top 10 passwords used to “secure” enterprise-connected devices in 2016? Sadly and unsurprisingly, here they are, along with how long it would take it would take a computer to crack each (and hack into said device and network):
- 123456 (instantly)
- password (instantly)
- 12345 (instantly)
- 12345678 (instantly)
- football (instantly)
- qwerty (instantly)
- 1234567890 (instantly)
- 1234567 (instantly)
- princess (instantly)
- 1234 (instantly)
Do you see a theme developing here? This theme translates to your networks not being nearly secure as you think and hope them to be. Your employees are your first and best line of defense against cybercriminals trying to do your company harm. You should be providing those employees the tools necessary to mount that defense. And one of those tools is training on proper password strategies and techniques.
On what should you be training your employees? Consider these 10 tips.
- All passwords should be reasonably complex and difficult for unauthorized people to guess. That is, employees should not use any common name, noun, verb, adverb, or adjective, like “password”, “football”, or “princess”.
- Passwords must be a minimum of 12 characters long, and must contain at least one uppercase letter, one number, and one ASCII character. One recommended method to create a complex and secure password is to pick a phrase, take its initials, mix up the capitalization, and further replace some of the letters with numbers and other characters. For example, the phrase “This will help me remember my password” can become “TwHm8mPw!”.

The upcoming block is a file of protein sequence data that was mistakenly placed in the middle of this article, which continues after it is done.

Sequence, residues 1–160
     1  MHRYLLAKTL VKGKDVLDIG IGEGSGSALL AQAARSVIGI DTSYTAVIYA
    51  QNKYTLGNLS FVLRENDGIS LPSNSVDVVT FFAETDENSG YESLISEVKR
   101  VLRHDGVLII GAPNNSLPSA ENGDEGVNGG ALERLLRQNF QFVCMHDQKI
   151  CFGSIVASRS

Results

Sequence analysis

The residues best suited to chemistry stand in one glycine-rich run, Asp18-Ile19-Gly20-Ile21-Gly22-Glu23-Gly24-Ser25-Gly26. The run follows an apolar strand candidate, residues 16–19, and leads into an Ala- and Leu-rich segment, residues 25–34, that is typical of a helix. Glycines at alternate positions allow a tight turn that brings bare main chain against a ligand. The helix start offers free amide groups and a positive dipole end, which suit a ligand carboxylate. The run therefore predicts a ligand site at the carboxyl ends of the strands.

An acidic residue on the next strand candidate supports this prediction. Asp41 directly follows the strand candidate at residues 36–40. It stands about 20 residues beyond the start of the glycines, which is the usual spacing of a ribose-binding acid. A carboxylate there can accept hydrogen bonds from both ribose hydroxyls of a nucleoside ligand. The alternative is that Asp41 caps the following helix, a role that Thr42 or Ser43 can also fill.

- Employees should use common sense when choosing passwords. Avoid basic combinations that are easy to crack. For instance, choices like “password,” “password1” and “Pa$$w0rd” are equally bad from a security perspective and must be avoided.
- Default passwords—such as those created for new employees when they start or those that protect new systems when they’re initially set up—must be changed with the employee’s first login.
- Employees must choose unique passwords for each company accounts, and may not recycle a password they already use for a personal account.
- Passwords should not be posted on or near computer terminals or otherwise be readily accessible in the area of the terminal. Post-It notes are the enemy.
- Password must be changed per a set schedule. (I suggest every six months.) You should enforce this policy with software.
- If an employee doubts the security of a password—for example, if it appears that an unauthorized person has logged in to the account, or if the employee clicks a suspicious link in an unknown email or otherwise thinks a password has been divulged—the password must be changed immediately and IT must be notified.
- User accounts will be frozen after “x” number of failed logon attempts. (I suggest three.)
- Employees should not share their password(s) with anyone. Those who need system access will receive their own unique password.
It would take 16 billion years to crack my current network password. And, unless I fall victim to a phishing or other scheme that reveals it, I feel confident that my password is safe. My challenge to each of your employees is to top me.